If your dog has not been eating much and has been gaining weight, it can be due to any medical condition. Dogs can suffer from various medical conditions that might take the life out of your once lively pup and make them feel tired and annoyed round the clock. Diabetes is one of the conditions that can result in such behavior. You might not notice it instantly, but if the behavior persists, you should take your dog to the vet.
However, can dogs become diabetic? In this blog, we look at whether dogs can become diabetic and what you can do if they catch it.
Types of Diabetes in Dogs
There are two main types of diabetes in dogs: Type 1 and Type 2. Type 1 is the most common for dogs. This type of diabetes is usually caused by a combination of genetic and environmental factors and often occurs in middle-aged or older dogs. Type 2 diabetes is much less common and usually only affects very young dogs. It is generally caused by a single gene mutation and tends to run in families.
Type 1 Diabetes
Type 1 diabetes is characterized by a complete lack of insulin production by the pancreas. Insulin is a hormone that helps to regulate blood sugar levels; without it, blood sugar levels can quickly become dangerously high. Dogs with Type 1 diabetes will need to be injected with insulin several times a day to keep their blood sugar levels under control.
Type 2 Diabetes
Type 2 diabetes is caused by a partial or complete loss of function of the pancreas. This means that the pancreas either doesn’t produce enough insulin, or the body doesn’t respond properly to the insulin that is produced. As a result, blood sugar levels can become elevated and lead to various health problems. Type 2 diabetes can often be managed with diet and exercise, but some dogs may also require medication or insulin injections.
Type 3 Diabetes
Type 3 diabetes is a condition that can occur in pregnant dogs. It is caused by the body’s inability to produce insulin, which leads to high blood sugar levels. Symptoms of type 3 diabetes include weight loss, increased urination, and increased thirst. Pregnant dogs with type 3 diabetes will need to be monitored closely by their veterinarian to ensure they remain healthy and do not develop complications.
Symptoms of Diabetes in Dogs
Dogs with diabetes typically have one or more of the following symptoms:
- Increased thirst and urination:Dogs with diabetes often drink more water and urinate more frequently than normal. This is caused by the increased blood sugar levels in their bodies, which forces the kidneys to work overtime to filter it all out.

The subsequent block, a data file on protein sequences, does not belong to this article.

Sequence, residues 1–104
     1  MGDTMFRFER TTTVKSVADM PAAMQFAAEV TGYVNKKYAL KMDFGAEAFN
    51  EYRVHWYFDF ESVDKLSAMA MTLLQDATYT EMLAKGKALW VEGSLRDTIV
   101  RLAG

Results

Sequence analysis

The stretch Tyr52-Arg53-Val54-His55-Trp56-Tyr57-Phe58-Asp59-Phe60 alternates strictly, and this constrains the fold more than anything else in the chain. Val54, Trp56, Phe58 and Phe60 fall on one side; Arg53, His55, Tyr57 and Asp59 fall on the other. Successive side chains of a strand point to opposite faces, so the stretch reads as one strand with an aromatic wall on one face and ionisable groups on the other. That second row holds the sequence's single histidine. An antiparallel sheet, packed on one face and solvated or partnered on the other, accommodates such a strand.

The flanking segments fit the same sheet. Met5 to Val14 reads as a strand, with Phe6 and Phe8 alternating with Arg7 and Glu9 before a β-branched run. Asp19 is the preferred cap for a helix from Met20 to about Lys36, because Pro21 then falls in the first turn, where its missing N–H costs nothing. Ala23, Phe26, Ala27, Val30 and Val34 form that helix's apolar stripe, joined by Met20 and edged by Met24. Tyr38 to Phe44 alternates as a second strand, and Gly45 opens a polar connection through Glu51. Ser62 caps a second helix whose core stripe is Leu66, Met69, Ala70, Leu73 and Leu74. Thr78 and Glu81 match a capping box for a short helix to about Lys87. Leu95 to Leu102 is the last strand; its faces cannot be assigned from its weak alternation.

- Weight loss: Despite eating more food than usual, dogs with diabetes may lose weight because their bodies cannot properly utilize the nutrients in their food.
- Lethargy: Increased blood sugar levels can cause dogs to feel tired and sluggish.
- Changes in appetite: Some dogs with diabetes may eat more, while others may have a decreased appetite.
- Changes in behavior: Dogs with diabetes may seem more irritable or depressed than usual.
- Panting:Panting is a common symptom of diabetes in dogs and can be caused by increased thirst and urination and changes in blood sugar levels.
- Loss of energy:Dogs with diabetes may lack energy and enthusiasm for exercise.
- Recurrent infections:Urinary tract infections are common in dogs with diabetes due to the increased sugar levels in their urine. Skin infections can also occur more frequently.
If you notice any of these symptoms in your dog, take them to the vet for a checkup. Early diagnosis and treatment are essential to managing diabetes in dogs.
If you notice any of these symptoms in your dog, you must immediately take them to the vet for diagnosis and treatment. If left untreated, diabetes can lead to serious health problems like kidney disease, blindness, and even death.
Treatment of Diabetes in Dogs
The most important aspect of treatment is maintaining a consistent blood sugar level. This can be done through diet, exercise, and medication. A consistent blood sugar level will help to prevent complications from diabetes such as ketoacidosis and diabetic neuropathy.
Diet is an important part of treatment for both types of diabetes. For dogs with Type I diabetes, a high-protein, low-carbohydrate diet is essential. This diet helps to keep blood sugar levels consistent and prevents ketoacidosis. For dogs with Type II diabetes, a diet that is lower in calories and fat is necessary. This diet will help your dog lose weight, which will in turn help to improve insulin resistance.
Exercise is also crucial for both types of diabetes. Exercise helps to lower blood sugar levels and can improve insulin sensitivity. Talking to your veterinarian before starting an exercise program for your diabetic dog is essential, as too much exercise can raise blood sugar levels.
Medication is often necessary to control blood sugar levels in dogs with diabetes. Insulin is the most common medication used to treat Type I diabetes, while oral hypoglycemic drugs are often used to treat Type II diabetes. Your veterinarian will work with you to determine the best course of treatment for your dog.
With proper treatment, dogs with diabetes can lead happy and healthy lives. If you think your dog may be diabetic, schedule an appointment with your veterinarian as soon as possible.
Our Final Thoughts
So, can dogs become diabetic? Dogs can develop diabetes, but it’s relatively rare. The most common type of diabetes in dogs is insulin-dependent diabetes mellitus (IDDM), the same condition humans can get. Dogs with IDDM need daily insulin injections to control their blood sugar levels.
If you think your dog may have diabetes, take him to the vet immediately. Diabetes is a serious condition, and left untreated; it can cause many health problems for your dog. But with proper treatment, most dogs with diabetes can live long and healthy lives.